And for what it’s worth, this is no metaphor. Denton is literally betting on this design. You know, in addition to the whole gambling the future of his entire media company.
I suppose the real question is, do the various Gawker Media blogs have enough loyal fans that they’ll be able to generate the kind of support needed to sustain them through a heavy transition like this? Or is this kind of move too bold for an established media company like Gawker to pull off?
Also, this article isn’t nearly as funny as the nature of this site demands it be. So to make it up to you, here’s a video of some dude doing an Elmo voice at a Taco Bell drive thru:
If you’re like me, you’re constantly looking for ways to make your phone’s homescreen weird people out. Well, if weird looks are what you’re looking for, look no further! The Seeds of Life live wallpaper for Android (2.1+) is just the kind of sperm-tastic visual oddity you need!
To be honest, there have been a lot of live wallpapers since the feature’s introduction that simply don’t live up to the hype. The brilliance of live wallpapers isn’t just motion. It’s customization! It’s interactivity! It’s creating something that’s dynamic and responsive and makes your phone feel alive! And boy does Seeds of Life deliver!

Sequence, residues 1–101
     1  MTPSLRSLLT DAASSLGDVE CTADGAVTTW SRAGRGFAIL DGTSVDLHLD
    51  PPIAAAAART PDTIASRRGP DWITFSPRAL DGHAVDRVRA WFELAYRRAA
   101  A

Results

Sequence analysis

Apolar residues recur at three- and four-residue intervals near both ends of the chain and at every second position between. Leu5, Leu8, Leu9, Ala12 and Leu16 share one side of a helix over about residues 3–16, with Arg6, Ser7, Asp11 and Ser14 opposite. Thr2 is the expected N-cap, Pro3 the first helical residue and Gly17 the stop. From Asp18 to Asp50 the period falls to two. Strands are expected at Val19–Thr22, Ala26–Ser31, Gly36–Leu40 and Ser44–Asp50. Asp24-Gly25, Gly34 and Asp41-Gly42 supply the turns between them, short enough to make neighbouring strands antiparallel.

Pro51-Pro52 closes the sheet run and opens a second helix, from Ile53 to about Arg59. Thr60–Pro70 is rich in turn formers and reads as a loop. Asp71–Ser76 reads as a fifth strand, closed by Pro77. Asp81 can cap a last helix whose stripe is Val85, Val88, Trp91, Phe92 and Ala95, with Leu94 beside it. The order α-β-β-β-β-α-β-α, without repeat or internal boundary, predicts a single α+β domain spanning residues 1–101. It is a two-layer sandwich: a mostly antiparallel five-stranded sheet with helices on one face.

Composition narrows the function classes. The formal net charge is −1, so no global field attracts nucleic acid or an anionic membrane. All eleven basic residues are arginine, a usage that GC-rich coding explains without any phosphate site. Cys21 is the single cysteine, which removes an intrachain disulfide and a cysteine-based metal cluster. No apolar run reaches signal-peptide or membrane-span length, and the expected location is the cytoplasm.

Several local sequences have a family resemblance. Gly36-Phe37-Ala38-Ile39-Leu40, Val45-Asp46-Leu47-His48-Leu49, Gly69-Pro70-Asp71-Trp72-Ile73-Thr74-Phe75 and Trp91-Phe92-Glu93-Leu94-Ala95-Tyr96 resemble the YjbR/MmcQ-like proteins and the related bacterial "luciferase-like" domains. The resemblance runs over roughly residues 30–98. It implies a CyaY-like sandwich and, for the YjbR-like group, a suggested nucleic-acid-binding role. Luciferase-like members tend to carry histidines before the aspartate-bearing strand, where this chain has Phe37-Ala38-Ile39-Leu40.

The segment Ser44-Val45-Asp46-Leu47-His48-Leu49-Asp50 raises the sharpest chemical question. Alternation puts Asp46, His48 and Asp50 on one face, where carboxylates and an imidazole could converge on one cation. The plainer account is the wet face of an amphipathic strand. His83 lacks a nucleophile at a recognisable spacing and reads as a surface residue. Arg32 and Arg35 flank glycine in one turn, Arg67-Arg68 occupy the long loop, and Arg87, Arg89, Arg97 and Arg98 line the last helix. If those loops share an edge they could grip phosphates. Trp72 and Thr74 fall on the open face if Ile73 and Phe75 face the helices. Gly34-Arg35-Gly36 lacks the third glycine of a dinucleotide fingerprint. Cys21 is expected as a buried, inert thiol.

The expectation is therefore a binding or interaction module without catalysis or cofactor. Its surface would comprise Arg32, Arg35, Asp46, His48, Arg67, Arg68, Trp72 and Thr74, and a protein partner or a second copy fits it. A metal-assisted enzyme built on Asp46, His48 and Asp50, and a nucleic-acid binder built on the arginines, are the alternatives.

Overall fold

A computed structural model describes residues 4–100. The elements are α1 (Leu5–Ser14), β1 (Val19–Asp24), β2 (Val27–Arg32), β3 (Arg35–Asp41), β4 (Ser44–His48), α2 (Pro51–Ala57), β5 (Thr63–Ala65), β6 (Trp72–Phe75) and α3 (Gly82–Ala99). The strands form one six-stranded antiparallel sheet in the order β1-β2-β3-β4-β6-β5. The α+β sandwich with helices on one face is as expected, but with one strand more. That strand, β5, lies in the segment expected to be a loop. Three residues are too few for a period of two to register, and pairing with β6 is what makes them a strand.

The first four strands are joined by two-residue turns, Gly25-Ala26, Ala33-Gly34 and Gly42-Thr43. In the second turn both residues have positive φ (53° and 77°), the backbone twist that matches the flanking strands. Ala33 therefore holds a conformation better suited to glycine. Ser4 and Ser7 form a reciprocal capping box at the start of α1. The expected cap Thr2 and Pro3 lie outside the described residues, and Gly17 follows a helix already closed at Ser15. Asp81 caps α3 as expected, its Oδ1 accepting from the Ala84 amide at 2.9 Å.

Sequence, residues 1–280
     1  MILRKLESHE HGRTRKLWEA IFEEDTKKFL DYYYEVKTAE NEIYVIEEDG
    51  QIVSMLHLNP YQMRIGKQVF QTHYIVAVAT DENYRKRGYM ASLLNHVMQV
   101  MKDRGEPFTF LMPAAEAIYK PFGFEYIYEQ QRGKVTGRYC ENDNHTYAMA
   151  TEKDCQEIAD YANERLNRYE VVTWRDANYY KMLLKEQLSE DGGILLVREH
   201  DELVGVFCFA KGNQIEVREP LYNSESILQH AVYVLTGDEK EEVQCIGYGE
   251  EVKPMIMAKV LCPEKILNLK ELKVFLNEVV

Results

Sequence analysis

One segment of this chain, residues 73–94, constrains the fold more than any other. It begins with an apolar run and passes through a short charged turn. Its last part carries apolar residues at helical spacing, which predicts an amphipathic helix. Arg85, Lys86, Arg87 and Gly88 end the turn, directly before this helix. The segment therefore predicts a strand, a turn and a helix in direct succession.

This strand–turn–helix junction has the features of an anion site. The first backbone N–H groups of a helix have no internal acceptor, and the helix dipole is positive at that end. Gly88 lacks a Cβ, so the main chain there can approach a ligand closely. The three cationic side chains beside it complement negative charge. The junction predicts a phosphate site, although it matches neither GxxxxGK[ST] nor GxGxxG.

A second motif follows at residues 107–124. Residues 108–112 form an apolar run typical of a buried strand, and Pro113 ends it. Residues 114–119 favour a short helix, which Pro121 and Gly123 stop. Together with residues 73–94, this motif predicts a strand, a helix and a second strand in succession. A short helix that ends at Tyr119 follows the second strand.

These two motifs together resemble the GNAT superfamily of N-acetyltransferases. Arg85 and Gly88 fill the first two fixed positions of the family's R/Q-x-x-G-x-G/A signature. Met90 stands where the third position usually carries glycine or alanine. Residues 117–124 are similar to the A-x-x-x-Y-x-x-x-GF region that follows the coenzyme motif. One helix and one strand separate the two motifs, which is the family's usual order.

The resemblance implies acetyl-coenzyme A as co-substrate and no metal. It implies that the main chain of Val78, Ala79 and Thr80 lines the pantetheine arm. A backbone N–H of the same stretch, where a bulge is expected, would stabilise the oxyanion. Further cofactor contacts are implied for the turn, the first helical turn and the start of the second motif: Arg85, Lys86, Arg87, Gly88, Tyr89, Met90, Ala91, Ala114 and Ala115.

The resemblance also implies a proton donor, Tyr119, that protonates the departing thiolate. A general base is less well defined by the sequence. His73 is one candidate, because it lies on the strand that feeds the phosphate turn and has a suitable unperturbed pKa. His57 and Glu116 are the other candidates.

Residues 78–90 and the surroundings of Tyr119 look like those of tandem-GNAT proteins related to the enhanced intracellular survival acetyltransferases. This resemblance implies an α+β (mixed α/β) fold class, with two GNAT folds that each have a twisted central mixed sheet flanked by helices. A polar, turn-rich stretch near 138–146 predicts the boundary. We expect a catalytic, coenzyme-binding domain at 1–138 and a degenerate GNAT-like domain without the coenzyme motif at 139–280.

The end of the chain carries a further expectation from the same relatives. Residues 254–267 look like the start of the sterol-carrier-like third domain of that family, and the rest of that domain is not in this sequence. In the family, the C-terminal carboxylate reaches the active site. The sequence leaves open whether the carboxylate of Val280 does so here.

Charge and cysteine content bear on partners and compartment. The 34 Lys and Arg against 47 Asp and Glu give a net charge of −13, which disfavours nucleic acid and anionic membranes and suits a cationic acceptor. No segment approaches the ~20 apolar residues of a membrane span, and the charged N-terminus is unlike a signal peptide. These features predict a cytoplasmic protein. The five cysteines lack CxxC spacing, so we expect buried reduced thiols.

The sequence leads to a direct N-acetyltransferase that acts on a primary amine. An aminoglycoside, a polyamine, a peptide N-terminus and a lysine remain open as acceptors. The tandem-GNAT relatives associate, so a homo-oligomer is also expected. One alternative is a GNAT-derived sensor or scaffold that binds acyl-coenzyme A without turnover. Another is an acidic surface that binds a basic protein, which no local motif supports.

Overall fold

For starters, you can customize the speed, population, or color of the….*ahem*…..”seeds”. Which the wallpaper insists is what they are. Hey, far be it from me to call a spade a spade. You can also customize the background color, or accept the default of cycling between soft, colorful background hues. Relaxing!
But the fun doesn’t stop there! Remember, these things are interactive! Once you’ve set it as your live wallpaper, tap anywhere on the screen and the “seeds” will begin swimming in that direction. Moreover, drag an icon or widget to any spot on your homescreen, either from the drawer or elsewhere on your homescreen. As soon as it lands, all the little seeds will immediately scurry over to see what’s up! Looks like they’re trying to get in, almost! Ha! Actually, you know, I think one may have made it in. Just one, though.